3d he was living that part of of Bottetort [Botetourt] Virginia in that part that is now Montgomary [Montgomery] since the revolutionary war he has lived in that part of Bottetort [Botetourt] that is now Giles—4th he volunteered 5th in the years 1777 & 78 Col Preston and Captain Floyd—after 1778 Captain Lucas—6th he never received a written discharge 7th Rev Isaac Scott and Robert W Dennis can testify to my character for varasity [veracity] He [appears to be a mistake, the start of the next line]

He hereby relinquishes every claim to a pension or an annuity except the present and declares that his name is not on the pension roll of any agency in any state—sworn to and subscribed the day and year aforesaid

Ferdinand Harless X his mark

And I Robert M. Hutcheson a Justice of the peace in and for said county do hereby declare my opinion that the above named applicant served against the Indians as he states

Robert M Hutchisan J P

Harless Ferdinand Revolutionary War Pension Application
Legal mark of Ferdenan Harless, indicating he could not sign his name.4
RESEARCH TIP: Revolutionary War Pension Application Dates On 7 June 1832, Congress passed an act allowing all Revolutionary War veterans, and their widows, to apply for pension benefits. Prior to this act, only those disabled in service had been eligible for pension benefits. Therefore, it was not unusual for a veteran or widow to apply for a pension forty-nine years or more after the war ended.5

Next Steps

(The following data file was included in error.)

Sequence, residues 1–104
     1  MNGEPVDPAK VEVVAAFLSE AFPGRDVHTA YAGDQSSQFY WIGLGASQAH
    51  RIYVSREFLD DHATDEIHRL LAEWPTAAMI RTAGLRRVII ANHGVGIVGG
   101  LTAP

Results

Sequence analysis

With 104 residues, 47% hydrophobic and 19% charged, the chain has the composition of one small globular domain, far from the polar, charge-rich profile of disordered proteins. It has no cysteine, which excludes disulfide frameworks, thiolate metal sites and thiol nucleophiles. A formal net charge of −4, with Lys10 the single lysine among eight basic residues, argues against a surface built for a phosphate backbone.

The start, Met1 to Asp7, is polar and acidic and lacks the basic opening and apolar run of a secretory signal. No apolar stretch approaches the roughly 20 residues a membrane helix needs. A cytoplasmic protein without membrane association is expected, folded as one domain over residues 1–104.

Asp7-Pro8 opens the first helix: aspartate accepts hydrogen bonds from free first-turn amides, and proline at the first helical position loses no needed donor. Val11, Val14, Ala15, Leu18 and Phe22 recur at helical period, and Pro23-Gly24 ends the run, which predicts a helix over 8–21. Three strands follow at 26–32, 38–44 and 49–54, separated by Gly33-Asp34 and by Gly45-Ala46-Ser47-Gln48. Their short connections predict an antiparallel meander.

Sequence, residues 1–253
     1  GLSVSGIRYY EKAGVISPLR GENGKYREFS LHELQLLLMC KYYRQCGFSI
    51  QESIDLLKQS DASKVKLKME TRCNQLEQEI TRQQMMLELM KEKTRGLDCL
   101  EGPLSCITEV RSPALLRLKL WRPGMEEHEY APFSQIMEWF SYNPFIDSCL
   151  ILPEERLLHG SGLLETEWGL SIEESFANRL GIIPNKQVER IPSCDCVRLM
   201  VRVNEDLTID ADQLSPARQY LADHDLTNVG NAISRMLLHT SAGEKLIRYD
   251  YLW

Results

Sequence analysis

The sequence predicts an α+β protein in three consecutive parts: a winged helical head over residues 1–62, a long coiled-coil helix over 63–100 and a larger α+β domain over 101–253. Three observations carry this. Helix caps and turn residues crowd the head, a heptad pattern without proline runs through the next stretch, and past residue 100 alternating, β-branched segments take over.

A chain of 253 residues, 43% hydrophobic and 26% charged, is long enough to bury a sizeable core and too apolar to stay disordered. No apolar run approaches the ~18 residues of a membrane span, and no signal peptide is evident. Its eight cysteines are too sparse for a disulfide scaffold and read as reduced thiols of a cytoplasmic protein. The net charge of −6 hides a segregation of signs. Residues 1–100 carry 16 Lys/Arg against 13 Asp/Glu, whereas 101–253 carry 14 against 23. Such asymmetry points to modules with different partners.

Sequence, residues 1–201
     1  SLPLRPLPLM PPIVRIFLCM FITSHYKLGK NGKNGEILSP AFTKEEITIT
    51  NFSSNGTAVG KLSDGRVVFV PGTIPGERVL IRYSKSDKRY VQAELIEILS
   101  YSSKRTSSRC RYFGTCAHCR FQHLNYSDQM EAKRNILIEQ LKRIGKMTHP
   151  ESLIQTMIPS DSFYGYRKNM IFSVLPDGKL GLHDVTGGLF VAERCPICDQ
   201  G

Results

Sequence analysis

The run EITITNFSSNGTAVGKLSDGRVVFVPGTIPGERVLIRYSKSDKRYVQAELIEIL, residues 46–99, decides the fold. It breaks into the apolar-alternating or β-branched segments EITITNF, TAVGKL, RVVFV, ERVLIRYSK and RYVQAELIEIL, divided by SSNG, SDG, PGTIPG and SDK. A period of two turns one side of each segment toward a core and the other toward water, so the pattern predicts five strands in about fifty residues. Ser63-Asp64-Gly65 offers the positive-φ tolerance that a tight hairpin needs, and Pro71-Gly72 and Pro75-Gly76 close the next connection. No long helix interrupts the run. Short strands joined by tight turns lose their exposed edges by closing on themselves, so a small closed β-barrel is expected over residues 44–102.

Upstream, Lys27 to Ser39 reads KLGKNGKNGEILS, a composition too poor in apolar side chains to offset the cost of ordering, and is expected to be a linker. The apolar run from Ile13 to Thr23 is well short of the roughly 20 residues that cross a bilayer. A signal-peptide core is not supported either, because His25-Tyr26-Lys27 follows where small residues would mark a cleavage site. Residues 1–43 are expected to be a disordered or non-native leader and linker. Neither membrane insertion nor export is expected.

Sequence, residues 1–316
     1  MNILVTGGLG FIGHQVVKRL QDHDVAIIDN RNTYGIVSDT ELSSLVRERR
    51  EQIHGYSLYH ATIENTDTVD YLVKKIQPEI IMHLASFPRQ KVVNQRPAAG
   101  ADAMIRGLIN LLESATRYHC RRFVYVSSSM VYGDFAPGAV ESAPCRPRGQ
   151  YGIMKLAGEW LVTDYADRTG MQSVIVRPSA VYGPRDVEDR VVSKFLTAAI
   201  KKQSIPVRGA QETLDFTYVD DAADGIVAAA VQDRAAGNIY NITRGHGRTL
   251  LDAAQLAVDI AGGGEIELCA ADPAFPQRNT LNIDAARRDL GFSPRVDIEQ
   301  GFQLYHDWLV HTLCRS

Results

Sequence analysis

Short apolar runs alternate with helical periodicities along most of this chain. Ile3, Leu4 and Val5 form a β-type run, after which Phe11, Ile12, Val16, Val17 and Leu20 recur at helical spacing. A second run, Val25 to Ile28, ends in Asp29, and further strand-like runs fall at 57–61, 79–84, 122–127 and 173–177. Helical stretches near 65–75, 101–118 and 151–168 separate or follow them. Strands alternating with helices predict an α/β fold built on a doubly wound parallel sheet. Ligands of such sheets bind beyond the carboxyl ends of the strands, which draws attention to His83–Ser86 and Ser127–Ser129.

This pension application raises a number of additional questions about Ferdinand Harless.

  1. Why was his original pension application rejected?
  2. What change occurred that allowed his application to eventually be approved?
  3. Was he illiterate, since he signed his mark rather than his name?
  4. Or was the 79 year old veteran just too ill (possibly losing or having already lost his eyesight) to sign his name by this time?


  1. Darryl J. Diemer, “Giles Co., VA Revolutionary War Monument,” Grandpa’s Footsteps, 25 April 2011 ( : accessed 3 July 2014).
  2. Affidavit of Soldier, 22 March 1834; Pension application no. R4612, for service of Ferdenen Harless (Virginia); digital images, Fold3 ( : accessed 3 July 2014), Ferdenen Harless file; citing NARA microfilm publication M804, Revolutionary War Pensions and Bounty-Land Warrant Application Files.
  3. Ibid, pg. 1 (unpaginated).
  4. Ibid, pg. 3 (unpaginated).
  5. Revolutionary War Pension Records and Bounty Land Warrants,” FamilySearch Wiki ( : accessed 3 July 2014).

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0 thoughts on “The Revolutionary War Pension Affidavit of 5th Great-Grandfather Ferdinand Harless”

  1. Patricia P Viera

    Great information and congratulations on completing that course. You are absolutely correct about the difficulty in translating these old handwritten documents. I descend from Daniel Harless, my great grandmother was Cynthia Ann Harless d/o William Riley Harless and Nancy Douglas.